Zero Energy Systems in Coralville has shut down effective Thursday.
The closure comes after Zero Energy filed for Chapter 11 bankruptcy protection while in a legal dispute with its lender, MidWestOne Bank.
In an emailed statement to The Gazette Thursday, Zero Energy CEO Scott Long said the company “will officially close after a hard-fought battle to gain cooperation from” MidWestOne Bank.
The news comes less than a week after Long said the maker of insulated concrete walls laid off its entire production staff of about 40. The company had about 12 other employees in addition to that staff.
Zero Energy filed for bankruptcy protection in late March after Iowa City-based MidWestOne sued the company. The bank claimed Zero Energy was in default of its loans and owed it more than $16 million.
MidWestOne sought a receiver to take over operations of the company, but that suit was put on hold once Zero Energy filed for bankruptcy.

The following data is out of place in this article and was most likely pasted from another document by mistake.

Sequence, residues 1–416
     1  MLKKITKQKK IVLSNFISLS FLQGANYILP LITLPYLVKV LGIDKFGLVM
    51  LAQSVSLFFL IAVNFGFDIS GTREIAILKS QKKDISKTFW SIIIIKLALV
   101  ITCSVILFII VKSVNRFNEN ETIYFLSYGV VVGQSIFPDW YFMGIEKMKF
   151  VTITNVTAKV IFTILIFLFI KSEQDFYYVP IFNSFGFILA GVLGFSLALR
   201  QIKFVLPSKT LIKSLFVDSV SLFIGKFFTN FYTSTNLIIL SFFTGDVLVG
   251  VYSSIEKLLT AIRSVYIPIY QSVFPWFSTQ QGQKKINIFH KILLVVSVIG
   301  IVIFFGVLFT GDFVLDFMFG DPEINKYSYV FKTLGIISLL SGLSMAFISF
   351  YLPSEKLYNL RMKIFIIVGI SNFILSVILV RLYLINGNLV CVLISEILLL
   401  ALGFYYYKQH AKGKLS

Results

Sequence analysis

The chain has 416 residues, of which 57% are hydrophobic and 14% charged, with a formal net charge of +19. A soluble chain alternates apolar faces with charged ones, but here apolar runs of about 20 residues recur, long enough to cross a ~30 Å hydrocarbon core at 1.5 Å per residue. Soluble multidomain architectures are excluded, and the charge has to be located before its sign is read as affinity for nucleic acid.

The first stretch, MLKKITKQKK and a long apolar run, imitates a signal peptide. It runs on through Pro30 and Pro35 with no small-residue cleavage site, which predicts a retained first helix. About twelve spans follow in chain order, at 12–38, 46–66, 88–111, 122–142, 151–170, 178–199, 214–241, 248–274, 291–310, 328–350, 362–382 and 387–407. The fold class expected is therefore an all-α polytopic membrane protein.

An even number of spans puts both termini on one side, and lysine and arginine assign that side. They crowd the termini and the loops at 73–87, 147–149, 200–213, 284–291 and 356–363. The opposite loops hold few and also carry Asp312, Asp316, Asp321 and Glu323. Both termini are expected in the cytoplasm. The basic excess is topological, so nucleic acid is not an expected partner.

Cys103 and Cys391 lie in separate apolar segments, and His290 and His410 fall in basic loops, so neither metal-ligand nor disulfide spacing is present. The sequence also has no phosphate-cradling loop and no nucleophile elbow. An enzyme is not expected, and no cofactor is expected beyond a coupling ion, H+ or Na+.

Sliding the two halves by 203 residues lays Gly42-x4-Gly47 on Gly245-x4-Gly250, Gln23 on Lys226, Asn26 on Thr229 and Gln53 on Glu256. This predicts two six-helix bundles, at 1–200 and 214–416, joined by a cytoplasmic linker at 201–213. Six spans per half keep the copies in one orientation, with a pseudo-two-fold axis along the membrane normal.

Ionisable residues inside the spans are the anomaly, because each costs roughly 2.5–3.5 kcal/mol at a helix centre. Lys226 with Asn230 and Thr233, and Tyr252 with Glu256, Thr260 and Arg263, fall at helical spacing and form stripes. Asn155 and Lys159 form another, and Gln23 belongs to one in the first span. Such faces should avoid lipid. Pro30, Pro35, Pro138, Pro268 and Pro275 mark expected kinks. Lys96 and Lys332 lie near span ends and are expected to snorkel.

Long later filed a counterclaim in which he asserted MidWestOne interfered with Zero Energy’s ability to negotiate venture capital financing and that two employees misrepresented the benefits of restructuring Zero Energy’s loans with the bank for their own financial gain.
MidWestOne Bank declined to comment Thursday.
Zero Energy opened a 45,000-square-foot production plant in 2014 at 428 Westcor Drive in Coralville. The state of Iowa and city of Coralville each provided Zero Energy with incentives for the plant’s construction.
Both are listed as creditors in its Chapter 11 filing.
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Long said Thursday the Chapter 11 case, one that could have permitted a reorganization, would be converted to Chapter 7, used in liquidation proceedings.
He also said Thursday that “class action lawsuits against MidWestOne Bank will likely follow our litigation” due to “millions of dollars in damages” being incurred with customers whose orders Zero Energy could not fulfill.
“Hopefully, as a publicly traded bank and as a direct result of the massive financial losses that the MidWestOne shareholders will incur, they will finally begin to push for administrative changes so this type of questionable and abhorrent behavior will not destroy other future Iowa businesses,” Long said in the email.
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